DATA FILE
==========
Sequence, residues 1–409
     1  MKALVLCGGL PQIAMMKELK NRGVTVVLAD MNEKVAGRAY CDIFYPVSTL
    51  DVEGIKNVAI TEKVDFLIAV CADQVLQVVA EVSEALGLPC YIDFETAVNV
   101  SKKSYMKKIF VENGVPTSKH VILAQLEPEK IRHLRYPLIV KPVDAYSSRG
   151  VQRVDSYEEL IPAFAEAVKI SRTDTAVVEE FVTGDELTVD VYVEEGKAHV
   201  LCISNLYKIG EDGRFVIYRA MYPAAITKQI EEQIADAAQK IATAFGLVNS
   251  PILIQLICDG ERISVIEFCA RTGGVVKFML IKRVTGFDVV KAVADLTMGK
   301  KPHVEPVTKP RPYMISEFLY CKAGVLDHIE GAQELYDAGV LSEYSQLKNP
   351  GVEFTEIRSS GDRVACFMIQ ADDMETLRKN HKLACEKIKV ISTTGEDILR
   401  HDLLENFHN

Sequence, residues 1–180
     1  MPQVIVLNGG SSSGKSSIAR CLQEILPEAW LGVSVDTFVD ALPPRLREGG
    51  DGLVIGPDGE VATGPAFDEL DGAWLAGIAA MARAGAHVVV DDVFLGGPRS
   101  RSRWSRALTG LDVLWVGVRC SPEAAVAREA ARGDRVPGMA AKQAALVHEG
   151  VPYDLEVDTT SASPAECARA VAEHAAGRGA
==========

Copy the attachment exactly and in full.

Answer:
Sequence, residues 1–409
     1  MKALVLCGGL PQIAMMKELK NRGVTVVLAD MNEKVAGRAY CDIFYPVSTL
    51  DVEGIKNVAI TEKVDFLIAV CADQVLQVVA EVSEALGLPC YIDFETAVNV
   101  SKKSYMKKIF VENGVPTSKH VILAQLEPEK IRHLRYPLIV KPVDAYSSRG
   151  VQRVDSYEEL IPAFAEAVKI SRTDTAVVEE FVTGDELTVD VYVEEGKAHV
   201  LCISNLYKIG EDGRFVIYRA MYPAAITKQI EEQIADAAQK IATAFGLVNS
   251  PILIQLICDG ERISVIEFCA RTGGVVKFML IKRVTGFDVV KAVADLTMGK
   301  KPHVEPVTKP RPYMISEFLY CKAGVLDHIE GAQELYDAGV LSEYSQLKNP
   351  GVEFTEIRSS GDRVACFMIQ ADDMETLRKN HKLACEKIKV ISTTGEDILR
   401  HDLLENFHN

Sequence, residues 1–180
     1  MPQVIVLNGG SSSGKSSIAR CLQEILPEAW LGVSVDTFVD ALPPRLREGG
    51  DGLVIGPDGE VATGPAFDEL DGAWLAGIAA MARAGAHVVV DDVFLGGPRS
   101  RSRWSRALTG LDVLWVGVRC SPEAAVAREA ARGDRVPGMA AKQAALVHEG
   151  VPYDLEVDTT SASPAECARA VAEHAAGRGA